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Sydney Chamber Choir Splendour & Mystery

March 25, 2023 @ 7:30 pm

Sydney Chamber Choir celebrates the harmonic power of double and triple choirs, separated in space or closely interwoven, in a glorious concert of contemporary, Renaissance and Australian choral music. With several choirs of voices and historic instruments, ringing out across the space, this was the ‘surround sound’ of past centuries!

Titled Splendour & Mystery the concert will feature two famous settings of the Magnificat, by Renaissance masters Heinrich Schütz, and his Venetian mentor Giovanni Gabrieli. This stunning polyphony, along with Gabrieli’s joyous, multi-part Jubilate Deo, will be enriched with the grandeur of early “brass”, provided by Sydney ensemble Camerata Antica. Led by Matthew Manchester, the ensemble features sackbutts (an early trombone), and the cornetto – a unique wind instrument, part flute, part trumpet, with no modern descendant.

“Sackbutts and cornetti playing alongside voices were a regular musical feature up until the seventeenth century,” says Matthew Manchester, who founded Camerata Antica in 2010. “The ethereal, sometime indistinguishable, combination of cornetto and voice is, quite simply, one of the most beautiful sounds you will ever hear.”

Swiss composer Frank Martin finished his sublime Mass for Double Choir in 1926 but left it in a drawer untouched for 40 years.  Performing it was, he said, “a matter between me and God”.  Conductor and the Choir’s Music Director Sam Allchurch has long wanted to program it, now one of the greatest choral works of the modern age.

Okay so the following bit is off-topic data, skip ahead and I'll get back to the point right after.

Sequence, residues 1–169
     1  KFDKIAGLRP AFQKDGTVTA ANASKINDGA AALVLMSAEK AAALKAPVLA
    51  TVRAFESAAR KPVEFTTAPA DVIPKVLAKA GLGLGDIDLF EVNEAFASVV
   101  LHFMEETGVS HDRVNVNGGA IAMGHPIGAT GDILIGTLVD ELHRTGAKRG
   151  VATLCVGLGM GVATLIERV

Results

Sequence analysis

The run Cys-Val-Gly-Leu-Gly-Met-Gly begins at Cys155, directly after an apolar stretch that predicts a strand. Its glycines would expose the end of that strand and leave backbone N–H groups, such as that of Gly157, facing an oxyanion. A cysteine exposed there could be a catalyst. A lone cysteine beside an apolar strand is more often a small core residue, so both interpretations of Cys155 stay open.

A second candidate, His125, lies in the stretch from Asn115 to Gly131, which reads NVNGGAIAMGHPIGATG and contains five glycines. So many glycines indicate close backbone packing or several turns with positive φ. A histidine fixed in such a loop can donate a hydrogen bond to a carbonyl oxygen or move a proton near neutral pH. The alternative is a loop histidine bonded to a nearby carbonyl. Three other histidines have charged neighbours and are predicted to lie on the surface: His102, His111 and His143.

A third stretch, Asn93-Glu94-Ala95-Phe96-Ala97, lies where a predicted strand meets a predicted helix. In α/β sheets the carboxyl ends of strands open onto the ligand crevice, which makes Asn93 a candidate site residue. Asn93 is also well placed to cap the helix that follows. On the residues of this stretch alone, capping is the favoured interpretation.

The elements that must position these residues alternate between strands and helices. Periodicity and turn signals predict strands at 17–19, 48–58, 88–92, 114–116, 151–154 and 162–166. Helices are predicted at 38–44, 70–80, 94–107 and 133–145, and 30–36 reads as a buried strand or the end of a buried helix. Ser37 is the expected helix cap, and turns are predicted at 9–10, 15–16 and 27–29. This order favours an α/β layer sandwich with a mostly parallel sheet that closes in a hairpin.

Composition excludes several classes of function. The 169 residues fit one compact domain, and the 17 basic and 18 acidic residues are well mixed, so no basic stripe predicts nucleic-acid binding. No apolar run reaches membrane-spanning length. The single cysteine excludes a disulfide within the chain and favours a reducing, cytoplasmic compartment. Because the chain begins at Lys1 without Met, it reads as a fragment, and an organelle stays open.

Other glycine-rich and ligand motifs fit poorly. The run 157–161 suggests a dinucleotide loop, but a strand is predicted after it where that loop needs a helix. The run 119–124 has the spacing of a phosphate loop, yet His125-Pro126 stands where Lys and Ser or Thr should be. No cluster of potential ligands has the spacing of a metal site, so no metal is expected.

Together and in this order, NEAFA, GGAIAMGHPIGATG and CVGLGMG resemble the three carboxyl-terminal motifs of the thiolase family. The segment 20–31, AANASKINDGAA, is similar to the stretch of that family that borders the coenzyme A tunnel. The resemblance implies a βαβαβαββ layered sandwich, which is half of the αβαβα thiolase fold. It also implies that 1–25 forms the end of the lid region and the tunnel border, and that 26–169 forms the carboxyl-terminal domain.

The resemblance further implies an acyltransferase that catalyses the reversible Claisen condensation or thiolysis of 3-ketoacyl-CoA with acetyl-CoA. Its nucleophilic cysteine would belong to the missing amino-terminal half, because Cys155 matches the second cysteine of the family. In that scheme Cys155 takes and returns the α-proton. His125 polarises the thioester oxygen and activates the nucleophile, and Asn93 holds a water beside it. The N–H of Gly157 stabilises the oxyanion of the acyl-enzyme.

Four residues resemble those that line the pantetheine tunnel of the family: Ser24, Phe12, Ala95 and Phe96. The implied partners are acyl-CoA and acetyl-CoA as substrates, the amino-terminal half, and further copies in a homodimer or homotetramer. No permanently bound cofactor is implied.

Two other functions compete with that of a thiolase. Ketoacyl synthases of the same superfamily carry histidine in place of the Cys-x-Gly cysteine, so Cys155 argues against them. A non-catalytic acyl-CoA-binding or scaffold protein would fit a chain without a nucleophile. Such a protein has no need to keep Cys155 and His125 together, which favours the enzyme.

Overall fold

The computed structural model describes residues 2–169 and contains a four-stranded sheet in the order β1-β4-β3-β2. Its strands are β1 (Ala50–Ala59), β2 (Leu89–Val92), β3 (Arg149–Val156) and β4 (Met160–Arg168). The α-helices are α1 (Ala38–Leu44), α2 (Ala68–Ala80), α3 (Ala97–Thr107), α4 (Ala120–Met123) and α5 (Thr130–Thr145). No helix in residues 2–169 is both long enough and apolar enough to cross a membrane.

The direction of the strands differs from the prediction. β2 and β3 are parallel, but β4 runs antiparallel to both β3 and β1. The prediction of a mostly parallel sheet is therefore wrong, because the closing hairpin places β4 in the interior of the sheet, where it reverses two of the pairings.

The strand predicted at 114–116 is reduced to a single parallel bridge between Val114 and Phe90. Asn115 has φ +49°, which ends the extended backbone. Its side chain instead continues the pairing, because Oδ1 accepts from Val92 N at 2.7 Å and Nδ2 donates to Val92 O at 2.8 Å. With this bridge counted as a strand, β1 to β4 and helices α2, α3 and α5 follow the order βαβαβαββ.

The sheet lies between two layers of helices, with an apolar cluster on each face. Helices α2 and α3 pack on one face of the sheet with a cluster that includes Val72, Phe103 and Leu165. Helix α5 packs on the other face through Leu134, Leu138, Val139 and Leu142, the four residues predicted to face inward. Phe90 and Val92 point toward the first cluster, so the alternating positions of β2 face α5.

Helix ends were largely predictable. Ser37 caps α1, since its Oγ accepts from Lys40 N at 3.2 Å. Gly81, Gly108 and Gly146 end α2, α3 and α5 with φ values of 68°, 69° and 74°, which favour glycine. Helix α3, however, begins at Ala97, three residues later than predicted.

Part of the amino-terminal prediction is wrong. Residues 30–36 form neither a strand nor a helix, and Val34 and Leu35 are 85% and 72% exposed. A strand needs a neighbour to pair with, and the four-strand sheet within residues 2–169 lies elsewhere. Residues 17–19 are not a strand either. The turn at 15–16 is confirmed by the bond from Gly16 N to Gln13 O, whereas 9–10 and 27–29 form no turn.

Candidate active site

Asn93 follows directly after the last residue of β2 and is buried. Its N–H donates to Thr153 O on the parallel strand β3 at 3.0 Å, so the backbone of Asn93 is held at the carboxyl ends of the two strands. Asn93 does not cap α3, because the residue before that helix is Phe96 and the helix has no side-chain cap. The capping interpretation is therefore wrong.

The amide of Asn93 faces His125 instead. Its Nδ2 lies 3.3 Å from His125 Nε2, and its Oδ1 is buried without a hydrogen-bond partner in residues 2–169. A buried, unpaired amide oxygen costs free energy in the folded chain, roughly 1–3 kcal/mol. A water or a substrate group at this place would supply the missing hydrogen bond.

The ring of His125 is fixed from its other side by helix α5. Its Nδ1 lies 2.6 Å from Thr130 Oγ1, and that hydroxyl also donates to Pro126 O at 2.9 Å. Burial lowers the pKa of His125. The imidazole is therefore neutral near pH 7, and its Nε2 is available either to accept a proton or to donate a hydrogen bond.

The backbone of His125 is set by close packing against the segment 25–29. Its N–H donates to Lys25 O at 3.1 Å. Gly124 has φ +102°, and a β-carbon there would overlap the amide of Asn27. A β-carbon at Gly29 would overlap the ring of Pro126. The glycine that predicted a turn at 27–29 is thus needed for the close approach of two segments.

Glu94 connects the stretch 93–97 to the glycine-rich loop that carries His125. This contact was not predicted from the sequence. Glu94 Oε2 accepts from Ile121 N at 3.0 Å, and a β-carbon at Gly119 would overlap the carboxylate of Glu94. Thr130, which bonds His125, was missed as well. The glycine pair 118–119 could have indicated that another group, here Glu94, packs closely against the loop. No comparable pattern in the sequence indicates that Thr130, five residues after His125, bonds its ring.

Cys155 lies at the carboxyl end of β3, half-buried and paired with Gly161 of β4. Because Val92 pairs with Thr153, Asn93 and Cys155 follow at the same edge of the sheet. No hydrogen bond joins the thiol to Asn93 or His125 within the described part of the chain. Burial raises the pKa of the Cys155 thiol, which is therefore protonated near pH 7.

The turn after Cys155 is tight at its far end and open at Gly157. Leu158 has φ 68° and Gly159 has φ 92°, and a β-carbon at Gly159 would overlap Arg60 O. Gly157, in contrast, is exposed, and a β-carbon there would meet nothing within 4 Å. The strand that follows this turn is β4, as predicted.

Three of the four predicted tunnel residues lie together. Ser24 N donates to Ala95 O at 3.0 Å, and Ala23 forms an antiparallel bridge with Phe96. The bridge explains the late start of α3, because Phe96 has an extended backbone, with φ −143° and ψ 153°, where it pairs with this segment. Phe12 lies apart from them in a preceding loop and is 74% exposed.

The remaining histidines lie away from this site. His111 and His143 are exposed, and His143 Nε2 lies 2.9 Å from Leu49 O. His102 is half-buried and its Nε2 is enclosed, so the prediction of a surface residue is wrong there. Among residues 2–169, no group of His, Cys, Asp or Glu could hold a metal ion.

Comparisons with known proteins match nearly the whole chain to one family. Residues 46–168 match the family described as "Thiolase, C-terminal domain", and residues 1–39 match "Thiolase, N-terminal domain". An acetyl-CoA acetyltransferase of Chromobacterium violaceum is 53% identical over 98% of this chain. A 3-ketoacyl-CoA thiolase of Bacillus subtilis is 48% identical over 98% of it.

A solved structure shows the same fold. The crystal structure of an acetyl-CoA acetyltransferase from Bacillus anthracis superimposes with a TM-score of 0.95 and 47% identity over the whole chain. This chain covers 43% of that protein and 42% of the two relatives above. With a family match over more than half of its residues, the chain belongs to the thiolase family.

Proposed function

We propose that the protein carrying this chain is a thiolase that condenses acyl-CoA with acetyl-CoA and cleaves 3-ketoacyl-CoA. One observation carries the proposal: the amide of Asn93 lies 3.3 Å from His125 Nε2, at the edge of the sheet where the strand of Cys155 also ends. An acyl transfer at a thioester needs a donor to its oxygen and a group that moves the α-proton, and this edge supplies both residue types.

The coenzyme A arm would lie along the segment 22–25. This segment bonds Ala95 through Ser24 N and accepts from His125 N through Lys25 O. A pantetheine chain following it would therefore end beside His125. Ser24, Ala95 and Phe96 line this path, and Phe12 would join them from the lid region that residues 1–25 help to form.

“Gabrieli and Schütz wrote for public ceremony, but Martin’s Mass is intensely private music, written for the ears of God alone, and so beautiful and tender,” says Allchurch. “His Mass was less about separating two choirs, than weaving them together.”

The concert also includes two celebrated Australian works: Heavenly Father by Sydney composer Brooke Shelley, whose fine choral textures explore the circular nature of life and death; and Clare Maclean’s exquisite Christ the King, where several voices refract out of a single line of pure melody.

Finally, with overlapping harmonies and silences like waves on the sand, is John Tavener’s transcendent Hymn to Mother of God which, following his conversion, draws on the mystical traditions of the Greek Orthodox Church.

Tickets From $50 (concessions available)

Bookings: www.sydneychamberchoir.org

Phone  1300 661 738

Check out our review of Sydney Chamber Choir’s performance of Paul Stanhope’s A New Requiem.




Verbrugghen Hall, Sydney Conservatorium
Macquarie Street
Sydney, NSW 2000 Australia
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